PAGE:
Burst your inflation bubble
Chances are you’ve noticed prices creeping up in most areas of your life lately, from your weekly grocery shop and council tax, to travel costs and fuel bills.
Although inflation remains low, it is rising. Following VAT returning to 17.5% in 2010, the Consumer Prices Index (CPI) - the official rate of inflation - jumped from 2.9% to to 3.5% in January. This is a 14-month high.
Meanwhile, the Retail Price Index (RPI) - which some economists say is a more accurate measure of inflation as it includes housing costs - has risen from 2.4% to 3.7%.
However, for many people the government’s ‘official’ rate of inflation is meaningless. Just how much inflation hits you will depend on a number of factors such as your age and circumstances and the way you spend your money.
“We really should ignore the ‘official’ inflation rate,” says Francis Klonowski, director of financial planners, Klonowski and Co in Leeds. “Because most of the things that we can’t run away from are going up by more than the rate of inflation, such as council tax and gas and electricity.”
The general rule is that the less wealthy suffer the most, because they don’t have surplus income to absorb rising costs. Retirees are the hardest hit of all because most pensioners’ incomes are fixed and a large proportion of it is spent on necessities such as utilities and food – which are rising the fastest.
“Millions of pensioners are again facing inflation-busting bills for vital household services,” said David Sinclair, head of policy for Help the Aged. “One in five older people survive below the poverty line - when all the spiraling household bills are paid they are left with less and less each year to afford basics like food and clothes.”
However, wealthier middle-classes aren’t immune. Areas where they spend money, such as school fees, childcare and private healthcare are all rising well above inflation too.
And according to the Daycare Trust UK, the cost of a typical nursery place for a child under two in England has soared by 5.1% - almost double the rate inflation. Parents in England are on average forking out £4,576 a year on childcare costs for children aged under two.
How to beat inflation
The first step to dealing with rising prices is to find out which areas of your expenditure are most vulnerable. Use the personal inflation calculator on the Office for National Statistics website to work out your own inflation rate.
By entering how much you spend in different areas, it shows how your income is allocated and therefore what price rises will affect you.
Most of us could cut unnecessary costs by giving our household expenses a serious MOT. When prices are rising it’s more important than ever to ensure you’re not paying more than you need to for everything from your mortgage and utilities, to insurance and your weekly shop.
This doesn’t have to mean cutting back or going without, just identifying areas where you can make savings that help to mitigate the effects of inflation on your finances.
Mortgage repayments are most people’s biggest expense, even when interest rates are low. Being on a dud mortgage deal or languishing on your lender's standard variable rate can cause an unnecessary drain on your finances, so take time to research the market and remortgage when your current deal comes to an end.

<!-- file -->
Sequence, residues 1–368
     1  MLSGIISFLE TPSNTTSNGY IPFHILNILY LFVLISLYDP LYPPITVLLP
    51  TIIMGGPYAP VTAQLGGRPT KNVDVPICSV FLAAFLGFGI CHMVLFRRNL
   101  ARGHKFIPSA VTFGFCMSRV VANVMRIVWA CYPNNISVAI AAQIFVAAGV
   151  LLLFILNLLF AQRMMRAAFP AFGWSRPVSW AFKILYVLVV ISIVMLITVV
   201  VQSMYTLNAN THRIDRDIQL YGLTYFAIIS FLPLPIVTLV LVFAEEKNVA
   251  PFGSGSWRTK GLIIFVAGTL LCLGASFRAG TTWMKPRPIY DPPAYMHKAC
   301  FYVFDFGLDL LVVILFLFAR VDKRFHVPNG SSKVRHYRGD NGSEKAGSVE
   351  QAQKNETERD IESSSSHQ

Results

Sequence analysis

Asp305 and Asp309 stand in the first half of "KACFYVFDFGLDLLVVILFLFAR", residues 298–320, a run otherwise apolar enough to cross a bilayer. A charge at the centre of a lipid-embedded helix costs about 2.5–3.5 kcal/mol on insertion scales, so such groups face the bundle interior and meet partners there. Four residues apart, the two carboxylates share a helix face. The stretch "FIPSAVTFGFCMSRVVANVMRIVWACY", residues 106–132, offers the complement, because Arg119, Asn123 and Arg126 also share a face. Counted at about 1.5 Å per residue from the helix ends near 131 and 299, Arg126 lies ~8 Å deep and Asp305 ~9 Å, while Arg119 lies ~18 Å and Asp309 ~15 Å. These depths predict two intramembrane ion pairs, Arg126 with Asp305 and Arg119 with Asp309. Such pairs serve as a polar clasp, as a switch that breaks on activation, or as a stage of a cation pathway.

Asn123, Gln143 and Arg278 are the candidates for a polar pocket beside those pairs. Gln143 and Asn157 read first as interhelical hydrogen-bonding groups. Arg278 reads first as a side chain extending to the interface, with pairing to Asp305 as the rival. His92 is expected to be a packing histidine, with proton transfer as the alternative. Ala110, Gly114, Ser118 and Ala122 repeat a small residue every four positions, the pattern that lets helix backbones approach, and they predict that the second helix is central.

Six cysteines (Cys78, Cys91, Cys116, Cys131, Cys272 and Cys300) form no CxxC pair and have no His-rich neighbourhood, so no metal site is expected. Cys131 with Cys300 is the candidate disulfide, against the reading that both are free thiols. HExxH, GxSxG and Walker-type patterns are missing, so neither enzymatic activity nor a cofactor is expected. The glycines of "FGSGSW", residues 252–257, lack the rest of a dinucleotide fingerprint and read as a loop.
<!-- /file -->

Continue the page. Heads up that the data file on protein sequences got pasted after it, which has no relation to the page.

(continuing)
Shopping around is equally important when your insurance comes up for renewal. It’s the easy option to renew with your existing insurer, but the best insurance deals are usually offered to new customers, so it pays to see what else is on offer because the insurance market is very competitive.
Pretty much every household in the country will feel the higher cost of energy bills - despite the big five all cutting prices in 2009, these failed to offset the huge rises seen in 2008.
Going forward, the energy regulator Ofgem warns energy bills will spike by as much as 60% over the next decade.
However while the savings for regular ‘switchers’ may be small, if you haven’t switched before you could save hundreds of pounds every year. Opting to pay by direct debit, and picking an onine tariff, could also save you plenty.
With other household services, such as phone, broadband and satellite TV, it’s just a case of shopping around to get the best deal and not paying for services you don’t need.
When it comes to shopping, Klonowski says it can be quite difficult to cut costs unless you are prepared to change your spending habits. But if you are, simple changes like switching supermarkets and sticking with supermarket branded products can make big savings. If you don’t have time to shop around yourself, Mysupermarket.co.uk compares prices across Tesco, Asda, Waitrose and Sainsbury’s to find the cheapest deals.
When buying other products, such as household appliances, gadgets, or books, CDs or DVDs, use a shopbot to shop around for you. There are a number of sites, including Kelkoo, Pricerunner and Shopping.com, which will scour the market to find you the cheapest price. It’s also possible to boost savings by getting paid to shop online by using cashback sites.
To cut fuel costs, visit petrolprices.com - enter your postcode and how far you’re willing to travel, and it will list the days cheapest petrol stations for all types of fuel.
For some expenses you may be able to make savings by teaming up with other people to share your resources.
The most immediate effect of inflation is certainly on your day-to -day spending. However, unless you take steps to inflation-proof your savings, you could find the value of your money is gradually eroded over time too.
“Many people fear the stockmarket because of the risk of losing their money, but the same risk is true of holding money in cash due to inflation,” explains Klonowksi.